Since I arrived on campus last month, I’ve received the distinct impression that fraternities and sororities dominate a majority of social events, clubs, and organizations. I understand that many students enjoy Greek life, and I’m not even sure that it’s not for me, but I do know that it can’t be for everyone.
Over our hectic orientation weekend, freshmen were bombarded with countless statistics and opinions from every organization that could possibly be heard. While most of those figures slipped through the open weave of my weary brain, one trend managed to stick. An overwhelming majority of the students in positions of authority or power on campus (i.e. student government, etc.) seem to be involved in a fraternity or sorority and they are proud of it. Of course I’m not ridiculing their pride. However, this dominance gave the impression that I might have to join a fraternity if I had any hopes of being an involved member of the UM campus.
Most of the upperclassmen I’ve come in contact with through orientation programs have assured me that Greek life is a lot of fun and a great way to make new friends. There also seems to be a consensus that there is “a place for everybody.” I find this a little hard to believe. I’m sure several fraternities’ specialties’ and foci may overlap with some of mine, as well as some of all students, but is there necessarily a place for everyone in Greek life?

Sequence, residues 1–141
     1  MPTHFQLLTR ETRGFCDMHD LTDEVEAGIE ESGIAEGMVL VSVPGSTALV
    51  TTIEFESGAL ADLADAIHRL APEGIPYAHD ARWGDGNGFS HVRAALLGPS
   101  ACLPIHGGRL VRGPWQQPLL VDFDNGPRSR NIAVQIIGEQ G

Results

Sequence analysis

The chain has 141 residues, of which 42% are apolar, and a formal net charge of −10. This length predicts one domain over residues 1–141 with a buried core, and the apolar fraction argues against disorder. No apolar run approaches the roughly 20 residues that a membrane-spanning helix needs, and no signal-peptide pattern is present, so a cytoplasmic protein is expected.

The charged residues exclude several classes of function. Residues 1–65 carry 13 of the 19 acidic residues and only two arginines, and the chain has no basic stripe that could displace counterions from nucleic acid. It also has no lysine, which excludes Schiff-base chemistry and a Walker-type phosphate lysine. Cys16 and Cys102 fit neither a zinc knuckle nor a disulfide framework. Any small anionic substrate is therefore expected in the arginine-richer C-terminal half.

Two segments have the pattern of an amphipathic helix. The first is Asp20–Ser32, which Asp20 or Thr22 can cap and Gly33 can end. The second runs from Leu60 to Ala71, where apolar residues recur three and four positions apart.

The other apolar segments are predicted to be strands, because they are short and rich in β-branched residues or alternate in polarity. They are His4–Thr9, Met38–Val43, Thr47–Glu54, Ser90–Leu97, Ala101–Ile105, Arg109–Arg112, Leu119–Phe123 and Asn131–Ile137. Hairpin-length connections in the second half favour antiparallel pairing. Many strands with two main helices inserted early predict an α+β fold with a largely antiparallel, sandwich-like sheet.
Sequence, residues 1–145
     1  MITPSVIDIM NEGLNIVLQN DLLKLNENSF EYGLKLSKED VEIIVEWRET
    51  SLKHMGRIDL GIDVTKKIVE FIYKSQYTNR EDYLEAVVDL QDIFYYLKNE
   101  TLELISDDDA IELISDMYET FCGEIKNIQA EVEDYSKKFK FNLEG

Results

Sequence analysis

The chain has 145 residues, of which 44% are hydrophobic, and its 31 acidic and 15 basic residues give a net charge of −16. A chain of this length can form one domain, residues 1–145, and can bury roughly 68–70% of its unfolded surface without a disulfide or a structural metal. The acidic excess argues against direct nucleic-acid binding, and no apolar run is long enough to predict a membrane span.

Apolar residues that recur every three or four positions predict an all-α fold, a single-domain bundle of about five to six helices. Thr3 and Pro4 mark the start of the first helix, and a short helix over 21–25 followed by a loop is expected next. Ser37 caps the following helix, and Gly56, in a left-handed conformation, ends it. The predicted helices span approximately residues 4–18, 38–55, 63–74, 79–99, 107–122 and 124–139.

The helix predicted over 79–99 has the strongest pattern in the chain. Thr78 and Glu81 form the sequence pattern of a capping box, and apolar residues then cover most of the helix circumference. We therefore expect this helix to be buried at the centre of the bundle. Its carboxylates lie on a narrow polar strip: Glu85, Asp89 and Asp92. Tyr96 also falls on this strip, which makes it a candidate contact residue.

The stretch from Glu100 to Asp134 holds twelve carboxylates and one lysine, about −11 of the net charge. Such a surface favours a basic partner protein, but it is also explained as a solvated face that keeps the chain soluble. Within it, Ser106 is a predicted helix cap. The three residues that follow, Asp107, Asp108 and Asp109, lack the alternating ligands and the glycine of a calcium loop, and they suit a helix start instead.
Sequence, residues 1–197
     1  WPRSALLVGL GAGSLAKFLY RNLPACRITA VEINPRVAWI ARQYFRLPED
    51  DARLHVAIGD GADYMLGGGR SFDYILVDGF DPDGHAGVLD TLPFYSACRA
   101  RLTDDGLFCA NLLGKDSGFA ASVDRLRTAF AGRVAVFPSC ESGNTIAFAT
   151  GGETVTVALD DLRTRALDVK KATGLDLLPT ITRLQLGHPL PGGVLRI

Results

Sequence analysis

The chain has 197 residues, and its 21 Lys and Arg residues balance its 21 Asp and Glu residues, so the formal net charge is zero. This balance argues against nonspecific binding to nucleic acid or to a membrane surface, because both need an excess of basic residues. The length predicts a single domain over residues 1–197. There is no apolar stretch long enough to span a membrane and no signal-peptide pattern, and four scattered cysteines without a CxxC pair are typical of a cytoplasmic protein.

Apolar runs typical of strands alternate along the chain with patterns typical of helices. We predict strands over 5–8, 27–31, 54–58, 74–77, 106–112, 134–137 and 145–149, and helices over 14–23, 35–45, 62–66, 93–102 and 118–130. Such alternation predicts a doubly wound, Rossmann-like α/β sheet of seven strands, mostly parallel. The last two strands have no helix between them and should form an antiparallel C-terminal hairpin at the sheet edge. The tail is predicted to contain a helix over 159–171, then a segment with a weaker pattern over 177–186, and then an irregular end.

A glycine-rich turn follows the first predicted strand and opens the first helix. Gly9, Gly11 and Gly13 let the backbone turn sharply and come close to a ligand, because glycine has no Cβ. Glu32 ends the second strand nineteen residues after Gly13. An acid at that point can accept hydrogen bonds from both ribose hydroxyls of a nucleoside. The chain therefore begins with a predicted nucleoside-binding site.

In all fairness, several upperclassmen have expressed the more realistic opinion that Greek life might simply not be for you, and that you should take care in choosing a fraternity or sorority if you even decide to rush at all.
Some students may crave the kind of involvement that a Greek organization provides and I’m sure that most of those students will be very happy with their choice. In fact, I doubt many students will have a negative Greek experience because most of those who decide to rush are likely the kinds of people who will enjoy what Greek life has in store for them. Others, however, may choose to test the waters of college life and independence in general and remain unaffiliated for at least a while.
I like to think of myself as a well-rounded person, as most people do, and I don’t know that I’m willing to commit to an organization that may actually limit my experiences to their own specialized spectrum of activities and events.
Matt Dingerdissen can be contacted at email@example.com.